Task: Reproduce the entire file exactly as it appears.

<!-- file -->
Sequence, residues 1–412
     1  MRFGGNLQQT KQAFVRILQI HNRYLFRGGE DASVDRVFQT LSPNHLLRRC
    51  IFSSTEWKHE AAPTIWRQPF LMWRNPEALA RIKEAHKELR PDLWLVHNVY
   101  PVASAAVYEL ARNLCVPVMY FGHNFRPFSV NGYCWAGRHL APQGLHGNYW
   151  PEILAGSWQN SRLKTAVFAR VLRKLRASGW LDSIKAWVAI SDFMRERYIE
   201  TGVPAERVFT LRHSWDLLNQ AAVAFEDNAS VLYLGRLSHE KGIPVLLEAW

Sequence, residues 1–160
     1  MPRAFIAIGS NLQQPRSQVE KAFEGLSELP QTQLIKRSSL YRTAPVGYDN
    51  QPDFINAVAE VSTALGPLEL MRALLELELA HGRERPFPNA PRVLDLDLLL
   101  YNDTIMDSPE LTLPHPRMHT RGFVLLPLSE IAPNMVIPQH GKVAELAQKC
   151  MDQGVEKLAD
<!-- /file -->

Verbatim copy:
Sequence, residues 1–412
     1  MRFGGNLQQT KQAFVRILQI HNRYLFRGGE DASVDRVFQT LSPNHLLRRC
    51  IFSSTEWKHE AAPTIWRQPF LMWRNPEALA RIKEAHKELR PDLWLVHNVY
   101  PVASAAVYEL ARNLCVPVMY FGHNFRPFSV NGYCWAGRHL APQGLHGNYW
   151  PEILAGSWQN SRLKTAVFAR VLRKLRASGW LDSIKAWVAI SDFMRERYIE
   201  TGVPAERVFT LRHSWDLLNQ AAVAFEDNAS VLYLGRLSHE KGIPVLLEAW

Sequence, residues 1–160
     1  MPRAFIAIGS NLQQPRSQVE KAFEGLSELP QTQLIKRSSL YRTAPVGYDN
    51  QPDFINAVAE VSTALGPLEL MRALLELELA HGRERPFPNA PRVLDLDLLL
   101  YNDTIMDSPE LTLPHPRMHT RGFVLLPLSE IAPNMVIPQH GKVAELAQKC
   151  MDQGVEKLAD